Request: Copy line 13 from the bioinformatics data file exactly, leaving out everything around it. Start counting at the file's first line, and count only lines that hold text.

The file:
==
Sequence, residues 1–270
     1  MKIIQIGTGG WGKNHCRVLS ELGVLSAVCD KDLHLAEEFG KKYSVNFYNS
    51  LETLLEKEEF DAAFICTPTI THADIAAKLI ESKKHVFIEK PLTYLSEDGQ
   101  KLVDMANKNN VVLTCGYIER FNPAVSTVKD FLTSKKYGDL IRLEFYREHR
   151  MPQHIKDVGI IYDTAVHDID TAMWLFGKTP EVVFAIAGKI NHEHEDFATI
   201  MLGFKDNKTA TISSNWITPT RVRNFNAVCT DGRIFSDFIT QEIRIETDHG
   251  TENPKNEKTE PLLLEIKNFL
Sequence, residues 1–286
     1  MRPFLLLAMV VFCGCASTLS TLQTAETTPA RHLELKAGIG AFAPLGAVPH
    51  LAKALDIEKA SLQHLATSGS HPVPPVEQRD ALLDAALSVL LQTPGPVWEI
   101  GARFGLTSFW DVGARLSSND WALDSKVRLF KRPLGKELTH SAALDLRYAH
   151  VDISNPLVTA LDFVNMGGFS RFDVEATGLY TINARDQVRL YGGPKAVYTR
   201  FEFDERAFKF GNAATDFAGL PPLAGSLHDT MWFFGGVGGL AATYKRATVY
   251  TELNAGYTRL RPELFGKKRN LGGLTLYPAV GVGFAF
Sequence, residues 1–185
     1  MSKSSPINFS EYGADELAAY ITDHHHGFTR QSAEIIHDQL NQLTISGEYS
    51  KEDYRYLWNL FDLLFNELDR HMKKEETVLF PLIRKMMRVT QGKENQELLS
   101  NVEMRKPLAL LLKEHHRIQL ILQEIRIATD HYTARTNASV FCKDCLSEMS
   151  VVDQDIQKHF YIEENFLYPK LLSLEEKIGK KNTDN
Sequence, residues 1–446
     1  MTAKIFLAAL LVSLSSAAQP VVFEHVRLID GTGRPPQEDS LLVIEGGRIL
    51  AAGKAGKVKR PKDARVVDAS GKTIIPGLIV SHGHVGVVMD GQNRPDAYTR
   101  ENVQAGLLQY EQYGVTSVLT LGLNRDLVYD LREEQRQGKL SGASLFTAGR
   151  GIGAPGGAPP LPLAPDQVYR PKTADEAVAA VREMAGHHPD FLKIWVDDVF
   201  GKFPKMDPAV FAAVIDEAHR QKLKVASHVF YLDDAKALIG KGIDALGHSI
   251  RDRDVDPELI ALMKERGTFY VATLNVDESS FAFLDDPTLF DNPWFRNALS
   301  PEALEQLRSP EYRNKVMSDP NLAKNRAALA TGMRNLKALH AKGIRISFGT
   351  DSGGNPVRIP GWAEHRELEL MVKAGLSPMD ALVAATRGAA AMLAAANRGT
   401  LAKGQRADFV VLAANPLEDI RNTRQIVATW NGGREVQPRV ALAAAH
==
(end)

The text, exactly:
   201  FEFDERAFKF GNAATDFAGL PPLAGSLHDT MWFFGGVGGL AATYKRATVY